Interesting characters – some straightforward, others shifty – plus horrifying situations and short, navigable chapters make TERMINAL a gripping, lightning-fast read.
Author John Leifer has written articles about the proliferation of weapons of mass destruction, shaped by his interaction with governmental agencies, scientists, and noted observers. In addition to national defense, he also writes about health care issues. Those interests are clearly in sync in his John Hart books. TERMINAL is a clever title that describes targets and results in this tale of technologically advanced bioterrorism, religious radicalism and the range of people and personalities in play when a scheme by Islamic extremists to obliterate the West is set in motion. Readers are in for a breathless ride.
Commander John Hart, a physician, Navy SEAL, and CIA operative doesn’t deal in “what ifs.” His universe is about fixing things when the metaphysical horse has already been let out of the barn. Leifer’s characters are extremely intelligent, and as is the case with many thrillers, the bad guys are for the most part more interesting than the good guys.
The first half of TERMINAL is a lot of set-up, as the author shares the trajectory of bio-weapons expert Beibut Valikhanov, of Muslim Kazakh descent, who has developed a highly lethal form of genetically modified, “weaponized” smallpox virus. Feeling underappreciated, Valikhanov steals samples from his government laboratory in West Siberia. Disappointed that a thriving Soviet empire capitulated to a debauched, imperialistic U.S., he is convinced by a callous jihadist leader to join the United Islamic State. The UIS is committed to destroying Western infidels and establishing a holy Caliphate ruled by Sharia law. The weapon of destruction will be Valikhanov’s hemorrhagic variant of smallpox, which has mortality rates over 90%.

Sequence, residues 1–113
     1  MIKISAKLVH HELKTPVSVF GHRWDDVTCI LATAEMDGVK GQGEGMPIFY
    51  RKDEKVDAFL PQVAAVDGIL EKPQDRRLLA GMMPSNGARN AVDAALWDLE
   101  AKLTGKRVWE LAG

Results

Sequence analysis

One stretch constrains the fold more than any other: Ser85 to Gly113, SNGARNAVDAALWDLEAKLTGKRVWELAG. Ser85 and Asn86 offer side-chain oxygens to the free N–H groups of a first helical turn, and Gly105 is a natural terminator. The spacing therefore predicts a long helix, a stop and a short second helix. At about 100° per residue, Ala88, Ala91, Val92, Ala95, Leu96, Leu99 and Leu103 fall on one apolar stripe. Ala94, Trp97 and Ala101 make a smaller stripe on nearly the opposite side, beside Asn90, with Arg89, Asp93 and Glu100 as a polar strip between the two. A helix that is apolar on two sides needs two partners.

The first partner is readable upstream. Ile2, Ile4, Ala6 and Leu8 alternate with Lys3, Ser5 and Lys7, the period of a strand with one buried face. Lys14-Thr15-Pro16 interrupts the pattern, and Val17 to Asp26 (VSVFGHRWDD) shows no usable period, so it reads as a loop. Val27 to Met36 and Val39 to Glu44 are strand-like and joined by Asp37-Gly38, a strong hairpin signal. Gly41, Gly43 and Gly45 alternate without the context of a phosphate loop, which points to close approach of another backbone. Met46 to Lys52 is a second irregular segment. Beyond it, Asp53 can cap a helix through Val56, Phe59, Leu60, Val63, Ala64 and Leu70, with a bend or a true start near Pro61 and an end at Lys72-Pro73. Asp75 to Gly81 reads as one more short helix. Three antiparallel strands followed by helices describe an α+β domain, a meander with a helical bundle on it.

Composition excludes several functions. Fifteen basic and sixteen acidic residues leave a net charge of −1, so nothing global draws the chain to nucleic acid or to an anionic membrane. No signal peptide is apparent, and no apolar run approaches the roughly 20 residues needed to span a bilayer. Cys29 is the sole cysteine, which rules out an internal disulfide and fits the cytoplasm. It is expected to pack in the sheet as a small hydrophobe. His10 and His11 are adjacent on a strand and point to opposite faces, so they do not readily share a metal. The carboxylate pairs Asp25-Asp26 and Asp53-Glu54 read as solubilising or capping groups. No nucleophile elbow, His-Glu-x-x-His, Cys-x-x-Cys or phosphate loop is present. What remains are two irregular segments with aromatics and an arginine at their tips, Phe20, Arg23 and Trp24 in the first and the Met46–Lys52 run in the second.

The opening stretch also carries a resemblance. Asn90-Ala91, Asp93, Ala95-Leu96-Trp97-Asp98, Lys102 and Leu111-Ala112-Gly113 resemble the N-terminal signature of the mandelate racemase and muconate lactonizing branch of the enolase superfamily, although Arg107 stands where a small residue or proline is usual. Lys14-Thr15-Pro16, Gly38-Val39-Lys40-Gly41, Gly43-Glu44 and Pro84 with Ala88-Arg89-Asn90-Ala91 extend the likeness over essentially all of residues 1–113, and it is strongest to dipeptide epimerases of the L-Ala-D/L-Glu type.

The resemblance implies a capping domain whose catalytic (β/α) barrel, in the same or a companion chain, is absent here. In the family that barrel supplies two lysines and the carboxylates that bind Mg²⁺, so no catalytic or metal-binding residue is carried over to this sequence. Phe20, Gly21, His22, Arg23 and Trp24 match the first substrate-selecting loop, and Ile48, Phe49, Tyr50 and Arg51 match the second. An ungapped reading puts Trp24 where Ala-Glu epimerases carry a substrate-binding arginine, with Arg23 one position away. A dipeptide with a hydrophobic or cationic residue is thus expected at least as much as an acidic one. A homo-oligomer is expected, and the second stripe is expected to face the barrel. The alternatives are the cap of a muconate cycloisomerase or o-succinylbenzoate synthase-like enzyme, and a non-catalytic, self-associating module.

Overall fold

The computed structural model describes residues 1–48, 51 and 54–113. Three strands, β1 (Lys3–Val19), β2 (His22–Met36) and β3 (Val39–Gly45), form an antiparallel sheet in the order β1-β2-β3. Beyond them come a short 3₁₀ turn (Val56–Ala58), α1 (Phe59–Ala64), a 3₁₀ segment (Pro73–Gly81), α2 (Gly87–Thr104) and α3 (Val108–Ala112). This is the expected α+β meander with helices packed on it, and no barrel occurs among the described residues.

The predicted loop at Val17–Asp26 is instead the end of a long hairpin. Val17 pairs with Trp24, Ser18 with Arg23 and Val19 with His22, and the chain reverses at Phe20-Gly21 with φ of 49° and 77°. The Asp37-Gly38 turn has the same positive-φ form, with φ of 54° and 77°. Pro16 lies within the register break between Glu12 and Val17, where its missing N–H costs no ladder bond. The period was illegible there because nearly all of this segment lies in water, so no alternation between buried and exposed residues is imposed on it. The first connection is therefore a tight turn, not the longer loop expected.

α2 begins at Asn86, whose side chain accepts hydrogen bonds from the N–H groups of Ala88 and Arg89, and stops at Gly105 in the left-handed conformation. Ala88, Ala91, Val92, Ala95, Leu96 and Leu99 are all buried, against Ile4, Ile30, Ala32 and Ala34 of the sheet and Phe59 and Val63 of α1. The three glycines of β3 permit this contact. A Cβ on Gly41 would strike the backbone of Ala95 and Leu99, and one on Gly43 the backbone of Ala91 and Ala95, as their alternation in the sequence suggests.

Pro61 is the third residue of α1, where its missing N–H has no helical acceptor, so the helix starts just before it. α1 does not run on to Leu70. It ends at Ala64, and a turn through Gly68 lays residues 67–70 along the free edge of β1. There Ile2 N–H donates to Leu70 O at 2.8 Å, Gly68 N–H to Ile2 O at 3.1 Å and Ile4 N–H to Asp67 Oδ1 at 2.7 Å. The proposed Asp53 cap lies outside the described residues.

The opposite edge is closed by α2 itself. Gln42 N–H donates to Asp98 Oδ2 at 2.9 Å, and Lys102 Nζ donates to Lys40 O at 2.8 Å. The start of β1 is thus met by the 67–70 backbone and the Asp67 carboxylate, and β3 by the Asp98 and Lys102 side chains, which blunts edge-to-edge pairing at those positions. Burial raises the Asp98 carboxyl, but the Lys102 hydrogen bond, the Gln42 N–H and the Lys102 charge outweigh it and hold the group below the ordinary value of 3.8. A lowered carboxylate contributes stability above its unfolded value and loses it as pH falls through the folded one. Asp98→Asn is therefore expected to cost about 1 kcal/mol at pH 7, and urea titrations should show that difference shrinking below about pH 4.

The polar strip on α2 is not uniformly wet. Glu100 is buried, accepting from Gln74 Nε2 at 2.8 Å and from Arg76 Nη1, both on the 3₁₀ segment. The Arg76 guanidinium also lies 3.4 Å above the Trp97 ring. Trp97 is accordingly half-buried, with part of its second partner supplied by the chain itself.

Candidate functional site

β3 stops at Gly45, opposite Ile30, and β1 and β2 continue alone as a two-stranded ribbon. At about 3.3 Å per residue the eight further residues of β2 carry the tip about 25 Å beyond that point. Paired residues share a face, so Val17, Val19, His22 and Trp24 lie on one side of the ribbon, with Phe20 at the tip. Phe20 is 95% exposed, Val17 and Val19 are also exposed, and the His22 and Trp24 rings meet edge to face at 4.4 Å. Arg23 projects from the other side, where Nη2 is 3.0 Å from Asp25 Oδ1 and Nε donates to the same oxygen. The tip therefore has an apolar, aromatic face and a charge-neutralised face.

Leifer is not a wordsmith. His scenes depicting the harsh effects of this bioweapon are dry and lack a much-needed dose of the dramatic and the grotesque. His ability to draw readers into private conversations and life-or-death decisions and meetings, however, is well done and makes up for his lack of artistic description to get inside his characters. Horrific scenes of infestation lack a certain ruthlessness, which would have made them memorable. The same goes for suspense. Leifer misses a few opportunities regarding the true motives of certain characters, but there is still plenty of edginess left to go around.
TERMINAL sets the stage for further adventures and doesn’t neatly tie up all loose ends, which in this case provides a well-paved entree into Leifer’s second book in the series.
~MG Milbrodt for IndieReader